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Sunday, September 28, 2008

"Considering the Call of the Permanent Diaconate"

From The Herald News
By John J. Oliveira

In June of 1967, Pope Paul VI restored the order of deacon as a permanent ministry in the Church. In August of the following year, the American bishops obtained permission to restore this ministry in our own Country.


Deacons are ordained to assist the bishop wherever the need exists in the Diocese at that time. Consideration in an assignment is given to the location of the deacon, his family and his occupation. An applicant must be willing and able to balance his commitment to his family, his work and the diaconate. After a period of discernment called Aspirancy, a period of information and deliberation, candidates will be required to attend four years of study with two semesters each year. Candidates are expected to have, as a minimum, a high school diploma. While applicants to the permanent diaconate can be married, if their spouse dies, they cannot remarry.

The ministry of a deacon is usually considered to be threefold. There is the Ministry of the Word, the Ministry of Liturgy and the Ministry of Service. Briefly, the Ministry of the Word includes proclaiming the gospel and preaching, catechetical instruction and evangelization.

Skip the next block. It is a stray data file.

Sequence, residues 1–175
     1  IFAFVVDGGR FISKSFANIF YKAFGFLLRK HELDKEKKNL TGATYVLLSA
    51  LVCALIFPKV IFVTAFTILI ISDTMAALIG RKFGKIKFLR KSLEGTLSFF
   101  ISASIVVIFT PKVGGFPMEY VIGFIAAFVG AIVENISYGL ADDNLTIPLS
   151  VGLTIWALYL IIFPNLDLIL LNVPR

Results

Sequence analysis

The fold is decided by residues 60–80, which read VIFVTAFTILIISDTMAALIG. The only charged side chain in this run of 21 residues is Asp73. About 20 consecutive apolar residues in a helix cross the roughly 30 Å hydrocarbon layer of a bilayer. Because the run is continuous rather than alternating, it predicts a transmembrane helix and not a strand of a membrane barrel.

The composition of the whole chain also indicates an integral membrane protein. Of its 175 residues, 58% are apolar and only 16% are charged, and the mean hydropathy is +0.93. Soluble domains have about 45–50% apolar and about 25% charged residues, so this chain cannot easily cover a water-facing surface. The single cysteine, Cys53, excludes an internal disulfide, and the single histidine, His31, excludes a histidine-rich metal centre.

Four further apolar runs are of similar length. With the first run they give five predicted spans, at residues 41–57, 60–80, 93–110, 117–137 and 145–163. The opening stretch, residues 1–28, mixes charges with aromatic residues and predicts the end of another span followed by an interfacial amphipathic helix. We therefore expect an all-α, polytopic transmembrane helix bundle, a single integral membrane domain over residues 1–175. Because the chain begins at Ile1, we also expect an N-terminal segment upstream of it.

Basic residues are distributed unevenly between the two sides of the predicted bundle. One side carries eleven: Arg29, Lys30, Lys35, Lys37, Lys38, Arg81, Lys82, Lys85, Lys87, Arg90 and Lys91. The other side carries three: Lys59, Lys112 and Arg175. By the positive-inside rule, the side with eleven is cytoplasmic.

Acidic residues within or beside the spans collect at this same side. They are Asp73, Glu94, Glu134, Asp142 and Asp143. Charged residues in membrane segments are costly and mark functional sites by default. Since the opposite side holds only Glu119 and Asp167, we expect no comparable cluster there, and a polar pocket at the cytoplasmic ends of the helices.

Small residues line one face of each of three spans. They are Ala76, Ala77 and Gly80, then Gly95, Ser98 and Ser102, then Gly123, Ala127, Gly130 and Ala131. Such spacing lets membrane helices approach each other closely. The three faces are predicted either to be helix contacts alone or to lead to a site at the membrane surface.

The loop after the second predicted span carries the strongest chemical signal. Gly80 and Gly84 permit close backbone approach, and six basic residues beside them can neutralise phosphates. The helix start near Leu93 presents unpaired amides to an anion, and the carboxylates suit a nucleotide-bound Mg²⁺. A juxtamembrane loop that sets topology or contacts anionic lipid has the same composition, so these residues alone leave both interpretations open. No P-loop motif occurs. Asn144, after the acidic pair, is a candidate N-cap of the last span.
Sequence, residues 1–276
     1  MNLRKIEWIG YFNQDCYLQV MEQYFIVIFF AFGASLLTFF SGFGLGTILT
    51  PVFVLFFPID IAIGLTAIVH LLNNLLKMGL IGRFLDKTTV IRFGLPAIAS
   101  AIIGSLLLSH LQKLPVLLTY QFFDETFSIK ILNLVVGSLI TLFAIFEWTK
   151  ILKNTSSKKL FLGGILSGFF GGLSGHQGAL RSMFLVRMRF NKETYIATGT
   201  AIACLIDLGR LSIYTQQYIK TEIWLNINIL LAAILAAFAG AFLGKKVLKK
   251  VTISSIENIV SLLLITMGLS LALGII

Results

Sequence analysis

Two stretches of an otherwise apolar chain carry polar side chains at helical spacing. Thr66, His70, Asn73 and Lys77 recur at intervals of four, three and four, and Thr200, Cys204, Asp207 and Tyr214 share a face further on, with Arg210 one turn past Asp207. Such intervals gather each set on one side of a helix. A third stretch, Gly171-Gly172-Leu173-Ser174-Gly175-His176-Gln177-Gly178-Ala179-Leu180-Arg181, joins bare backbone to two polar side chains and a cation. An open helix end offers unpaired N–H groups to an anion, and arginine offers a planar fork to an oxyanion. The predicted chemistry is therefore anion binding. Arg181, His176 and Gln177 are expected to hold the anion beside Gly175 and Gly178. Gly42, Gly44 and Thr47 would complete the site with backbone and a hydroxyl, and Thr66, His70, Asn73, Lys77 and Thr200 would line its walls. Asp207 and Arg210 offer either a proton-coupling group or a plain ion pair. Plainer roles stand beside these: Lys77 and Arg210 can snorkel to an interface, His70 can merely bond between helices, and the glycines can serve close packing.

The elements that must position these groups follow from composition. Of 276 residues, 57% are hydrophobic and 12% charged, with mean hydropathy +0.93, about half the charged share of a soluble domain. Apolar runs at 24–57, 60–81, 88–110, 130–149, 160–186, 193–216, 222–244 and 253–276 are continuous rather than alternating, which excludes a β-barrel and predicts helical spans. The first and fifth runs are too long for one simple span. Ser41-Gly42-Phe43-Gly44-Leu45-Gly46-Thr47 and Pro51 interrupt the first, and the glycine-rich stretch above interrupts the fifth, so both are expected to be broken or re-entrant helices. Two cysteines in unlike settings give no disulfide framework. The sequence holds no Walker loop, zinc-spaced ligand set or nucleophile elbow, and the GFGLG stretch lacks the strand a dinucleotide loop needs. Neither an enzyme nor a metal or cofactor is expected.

The Ministry of the Liturgy entails specific liturgical roles such as preaching, baptizing, witnessing at marriages, distributing communion and officiating at wakes, funerals and burials.
The Ministry of Service is exemplified in varying ways, such as visiting the sick, helping in homeless shelters, distributing food to the hungry, assisting those in prison, etc. Many of our deacons are involved in these ministries here in our Diocese.

The permanent diaconate is different from the transitional deacon. The transitional deacon is in transit from diaconate to priesthood. A permanent deacon is one who will always remain a deacon. Both share in the same sacrament of Holy Orders.

The permanent diaconate is not for men who wanted to be priests and got married. It is not for men who want to be seen on the altar on Sunday in their own parish. It is not a call to prestige or acknowledgement by others; it is a call to ministry — to be ordered to the service of the church and of others.

In essence, it is a call from God. It is sensing that God is calling you to be more of a witness to the love of God in your life. It is a call that, of its very nature, demands sacrifice on your part; generosity of time, talent and hours of study to prepare you to serve others.

The call to ministry is a special call that must be accepted by your wife and family if you are married. One is unable to do this alone. Others must be willing to help and accept what you sense God is calling you to be.

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